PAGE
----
Astato . Chemical element with symbol At and atomic number 85. It is the heaviest element of the group of halogens , occupying the place below iodine in group VII of the periodic table.
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- 1 History
- 2 Features
- 3 Nomenclature
- 4 Obtaining
- 5 Applications
- 6 Isotopes
- 7 Health effects of astatine
- 8 Effects on the environment
- 9 Sources
Astate was first synthesized in 1940 by Dale R. Corson , KR MacKenzie, and Emilio Segrè at the University of Berkeley ( California ), bombarding bismuth with alpha particles . A first name for the element was alabamino (Ab).
Astat is a very unstable element, existing only in short-lived radioactive forms. About 25 isotopes have been prepared by artificial transmutation nuclear reactions.
The isotope with the longest life span is 210 At , which decays in a half-life of only 8.3 h and isotopic framing is used. It is unlikely that a more stable, or longer-lived, form could be found in nature or artificially prepared.
Astate is found in nature as an integral part of uranium ores , but only in trace amounts of short-lived isotopes, continually supplied by the slow decay of uranium. The total amount of astatine in the earth’s crust is less than 28 g (1 ounce).
In aqueous solution, astate has properties similar to iodine except for differences attributable to the fact that astate solutions are, by necessity, highly dilute. Like halogen iodine, it is extracted with benzene when it is found as a free element in solution.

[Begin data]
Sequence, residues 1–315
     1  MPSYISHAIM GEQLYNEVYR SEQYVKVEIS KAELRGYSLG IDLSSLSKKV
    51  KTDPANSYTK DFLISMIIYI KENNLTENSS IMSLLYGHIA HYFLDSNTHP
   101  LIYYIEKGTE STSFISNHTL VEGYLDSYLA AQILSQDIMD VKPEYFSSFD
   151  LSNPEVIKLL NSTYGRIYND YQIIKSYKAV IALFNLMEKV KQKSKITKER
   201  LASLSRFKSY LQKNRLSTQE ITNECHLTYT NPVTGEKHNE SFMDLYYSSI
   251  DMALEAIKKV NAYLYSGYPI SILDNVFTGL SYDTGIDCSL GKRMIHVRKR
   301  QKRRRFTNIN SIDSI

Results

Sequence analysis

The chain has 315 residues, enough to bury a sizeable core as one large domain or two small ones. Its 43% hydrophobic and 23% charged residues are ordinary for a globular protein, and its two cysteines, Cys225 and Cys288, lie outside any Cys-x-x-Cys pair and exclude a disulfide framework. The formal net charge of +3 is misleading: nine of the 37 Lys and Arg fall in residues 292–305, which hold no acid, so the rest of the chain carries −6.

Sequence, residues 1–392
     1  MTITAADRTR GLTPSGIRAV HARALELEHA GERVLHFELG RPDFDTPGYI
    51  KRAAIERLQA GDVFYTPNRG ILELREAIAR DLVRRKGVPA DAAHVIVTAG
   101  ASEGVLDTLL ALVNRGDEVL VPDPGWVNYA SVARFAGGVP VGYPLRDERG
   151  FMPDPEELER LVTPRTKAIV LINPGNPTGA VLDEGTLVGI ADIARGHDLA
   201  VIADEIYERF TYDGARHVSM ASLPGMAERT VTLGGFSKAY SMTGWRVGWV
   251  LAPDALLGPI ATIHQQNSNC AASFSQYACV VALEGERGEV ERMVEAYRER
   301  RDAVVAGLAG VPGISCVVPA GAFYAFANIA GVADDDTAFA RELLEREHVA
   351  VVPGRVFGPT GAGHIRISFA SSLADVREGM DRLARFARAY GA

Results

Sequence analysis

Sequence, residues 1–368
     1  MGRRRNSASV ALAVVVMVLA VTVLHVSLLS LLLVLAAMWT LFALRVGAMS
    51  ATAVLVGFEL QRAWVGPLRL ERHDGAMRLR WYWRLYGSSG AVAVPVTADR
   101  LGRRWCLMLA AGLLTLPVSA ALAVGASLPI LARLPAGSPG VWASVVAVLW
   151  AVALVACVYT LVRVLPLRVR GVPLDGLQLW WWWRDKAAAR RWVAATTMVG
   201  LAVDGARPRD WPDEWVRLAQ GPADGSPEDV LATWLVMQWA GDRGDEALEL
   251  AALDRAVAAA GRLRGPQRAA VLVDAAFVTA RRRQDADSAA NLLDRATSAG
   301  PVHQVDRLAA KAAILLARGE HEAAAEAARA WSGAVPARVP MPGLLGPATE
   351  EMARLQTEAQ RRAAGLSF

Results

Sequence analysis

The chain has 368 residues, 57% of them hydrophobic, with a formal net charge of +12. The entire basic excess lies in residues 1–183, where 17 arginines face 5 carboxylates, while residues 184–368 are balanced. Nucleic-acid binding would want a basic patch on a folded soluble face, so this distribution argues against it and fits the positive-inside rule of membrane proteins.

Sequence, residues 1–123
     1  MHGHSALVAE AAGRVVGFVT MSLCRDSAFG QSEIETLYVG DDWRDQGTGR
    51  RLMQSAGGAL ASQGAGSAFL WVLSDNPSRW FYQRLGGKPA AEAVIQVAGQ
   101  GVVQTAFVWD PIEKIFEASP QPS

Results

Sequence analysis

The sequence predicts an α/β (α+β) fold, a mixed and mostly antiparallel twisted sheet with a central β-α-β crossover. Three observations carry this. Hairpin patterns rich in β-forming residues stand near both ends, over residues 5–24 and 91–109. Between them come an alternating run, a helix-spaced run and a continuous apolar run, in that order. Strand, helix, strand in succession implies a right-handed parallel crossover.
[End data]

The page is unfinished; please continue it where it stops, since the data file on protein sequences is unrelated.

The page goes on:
The element in solution is reduced by agents such as sulfur dioxide and is oxidized by bromine . It is the least electronegative of all halogens. It has oxidation states with coprecipitation characteristics similar to those of iodide ion , free iodine and iodate ion. Strong oxidizing agents produce the astate ion, but not the perastatate ion. It is easier to obtain and characterize in the free state due to its high volatility and ease of extraction with organic solvents.
The chemical behavior of this highly radioactive element is very similar to that of other halogens, especially iodine. Astatine is thought to be more metallic than iodine. Researchers at the Brookhaven National Laboratory have conducted experiments that have identified and measured elemental reactions involving astatine.
Astatine, followed by francium , is the rarest element in nature, with a total amount on the earth’s surface of less than 25 grams at the same instant of time; that is, less than a small spoonful
The astatus (from the Greek αστατος, astatos, meaning unstable)
Astatine is obtained today in the same way as in its beginnings, bombarding bismuth with alpha particles, obtaining isotopes 209At and 210At, with a relatively high half-life.
It has no important applications, although the most important isotope, 211At, is used in isotopic labeling.
There are 41 known isotopes of astate, all radioactive . The longest-lived isotope, 210At, which has a half-life of 8.1 hours, and the least long-lived isotope 213At, with one of 125 nanoseconds.
Health effects of astatine
The total amount of astate in the earth’s crust is less than 30 grams and only a few micrograms have been artificially produced. This, together with its short life, leaves no reason to consider the effects of astate on human health.
Astate is studied in a few research laboratories where its high radioactivity requires special precautions and handling techniques. It is a halogen and possibly accumulates in the thyroid gland as iodine . From a chemical point of view, it can be speculated that its toxicity will be identical to that of iodine.
Effects on the environment
Asstate does not occur in significant quantities in the biosphere , so it usually never poses a risk